Saturday, 30 January 2016

Sunshine and Rain

To say that the Thursday of this past week was the brightest sunshine-filled day we have seen for most of this winter, would possibly not be an exaggeration in the slightest. I spent the morning at work, but upon returning home at lunch time, my only thought was to get out on the patch for a walk to make the most of every drop of that rare sunlight. Predictably, I hadn't made it very far along the road when a blustery wind got up and blew in a number of later-afternoon clouds to obscure the sun and hint cryptically at potential rainfall sometime in the near future. (Am I the only one, or do you find that this always happens to you too? Nature is tricksy!) None-the-less I persevered with my walk and found more than enough to distract me from the horizon clouds and the wind finding its way into the back of my neck under my scarf. 

It seems as though I was not the only one coaxed out by the sun. Spring growth in the hedgerow understory has kicked off early with the mild damp weather; primroses have been flowering since last year, bright golden stars of celandine appear on the banks, wild arum arrowhead-leaves unfurl and even the green leaf spikes of bluebell are shooting from the wet soil. 
By the bus stop is a swathe of pale slender mauve flowers from the early spring crocus.

I had decided to head out from home, along the main road and take a right turn into Pitsham Lane, to take me along the farm track completing a round circuit, and approaching the farm from the opposite direction to 'normal' for a refreshing change. 

Passing under the old railway bridge and crossing the rife, I noticed a very freshly used badger latrine in the winter-dead bracken at the top of the stream bank. I suspect the badgers have their set dug into the embankment somewhere along the disused railway line, deeper in to the woodland, but I'd love to discover more and know them better. 
I scanned the long paddock for the three roe deer I had seen there on my previous visit but no sign of them today. The 'manor house' was busy, probably the last shoot-lunch of the game season, so I suspect the deer had sought quieter browsing elsewhere. 
House sparrows chirped and gossiped as always in the hedge opposite the house, sedentary and sociable, their feathers fluffed against the wind. 

The fields were quiet at first glance, the water level is high and standing puddles caught the light. Cattle did their best to look doleful and piteous in the vain hope I might turn into a tractor bringing them an extra feed. Above their heads, flocks of starlings used the three stands of telegraph wires as though to mark out musical notation.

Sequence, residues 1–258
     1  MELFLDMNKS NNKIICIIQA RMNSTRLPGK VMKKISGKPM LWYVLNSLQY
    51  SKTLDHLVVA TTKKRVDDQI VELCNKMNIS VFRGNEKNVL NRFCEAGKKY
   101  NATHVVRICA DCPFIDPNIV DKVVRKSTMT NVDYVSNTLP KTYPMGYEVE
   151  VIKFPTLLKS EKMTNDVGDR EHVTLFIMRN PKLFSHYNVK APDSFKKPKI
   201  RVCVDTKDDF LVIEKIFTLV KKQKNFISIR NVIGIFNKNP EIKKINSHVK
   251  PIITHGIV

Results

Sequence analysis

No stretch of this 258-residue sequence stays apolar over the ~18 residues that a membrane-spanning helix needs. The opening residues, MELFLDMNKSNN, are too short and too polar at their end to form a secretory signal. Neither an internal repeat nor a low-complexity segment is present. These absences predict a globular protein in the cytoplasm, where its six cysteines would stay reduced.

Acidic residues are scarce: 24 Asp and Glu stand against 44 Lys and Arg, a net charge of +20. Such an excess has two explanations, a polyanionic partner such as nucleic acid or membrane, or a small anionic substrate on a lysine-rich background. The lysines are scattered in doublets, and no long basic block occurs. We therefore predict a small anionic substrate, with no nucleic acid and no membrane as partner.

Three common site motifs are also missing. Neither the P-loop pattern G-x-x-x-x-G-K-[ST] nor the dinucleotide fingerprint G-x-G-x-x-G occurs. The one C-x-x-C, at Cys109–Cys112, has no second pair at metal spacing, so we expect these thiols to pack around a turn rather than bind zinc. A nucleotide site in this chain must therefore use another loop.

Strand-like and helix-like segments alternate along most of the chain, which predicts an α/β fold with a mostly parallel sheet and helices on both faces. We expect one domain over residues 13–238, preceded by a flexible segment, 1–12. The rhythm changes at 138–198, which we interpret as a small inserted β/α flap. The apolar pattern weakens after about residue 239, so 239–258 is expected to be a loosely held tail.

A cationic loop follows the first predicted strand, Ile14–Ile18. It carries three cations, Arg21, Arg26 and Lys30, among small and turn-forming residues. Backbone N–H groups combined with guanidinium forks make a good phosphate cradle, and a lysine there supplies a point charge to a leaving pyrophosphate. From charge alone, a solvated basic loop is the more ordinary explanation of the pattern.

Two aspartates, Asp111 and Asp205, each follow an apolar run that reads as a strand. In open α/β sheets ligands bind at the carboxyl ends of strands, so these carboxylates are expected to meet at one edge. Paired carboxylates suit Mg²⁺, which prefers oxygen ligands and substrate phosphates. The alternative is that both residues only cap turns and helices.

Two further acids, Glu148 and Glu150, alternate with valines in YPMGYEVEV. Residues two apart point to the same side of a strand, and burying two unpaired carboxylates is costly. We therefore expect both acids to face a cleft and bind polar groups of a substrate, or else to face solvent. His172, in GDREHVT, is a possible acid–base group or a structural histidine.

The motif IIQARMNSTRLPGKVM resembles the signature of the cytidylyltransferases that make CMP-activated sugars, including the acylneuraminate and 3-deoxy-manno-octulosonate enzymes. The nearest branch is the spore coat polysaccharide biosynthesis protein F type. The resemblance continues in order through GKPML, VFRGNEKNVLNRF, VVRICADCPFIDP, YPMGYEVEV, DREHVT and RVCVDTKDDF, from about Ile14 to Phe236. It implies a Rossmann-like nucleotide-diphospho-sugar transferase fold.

A kestrel swooping up to perch on one of the telegraph poles was my first raptor of the day. 
Passing the brickworks a large bird in the distant sky caught my eye and a brief view revealed a red kite. Long wings rode the air and with a slight lean to the side, the kite changed direction and was lost to view behind the trees. 

Turning the corner past the dairy and walking along the straight section of track, the sun returned, bathing the fields and standing oaks in a golden light. Pheasants were cavorting in the field edge. It was as I raised my binoculars to take a closer look at the pheasants, that a small flock of goldfinches leaving the track-side hedge attracted my attention and drew me to a previously unnoticed bird, perched on the top of the brambles some metres along the track. It was a male stonechat, my first for this location. 

A third raptor ended up being a lovely finale to my walk. As the stonechat dropped out of view behind the hedge, I could here the distinctive sound of crows mobbing something. It turned out they were bullying a large buzzard which flew low across the field into the line of trees that mark the boundary with the next field beyond. Eventually shaking off the crows' harassment, the buzzard perched first on a fence post then in a low branch of one of the large oak trees, watching the sun move towards its time to sink behind the western hills. 

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Hello! Thank you for viewing my blogs and profile. I am passionate about the countryside and british wildlife and I hope that this comes through in my blog. I am a nature writer and have been pursuing photography since early teenage years, whilst building a career in conservation. Helping people to reconnect with the natural world is very important to me, whether through direct hands on interaction, education or literature. Please also visit my website, for more information, my current CV, and further examples of writing and photography. You can contact me or keep up to date with new blog posts via Twitter @SophiEcoWild and/or Feedback, comments and audience participation are always welcome! Sophie May Lewis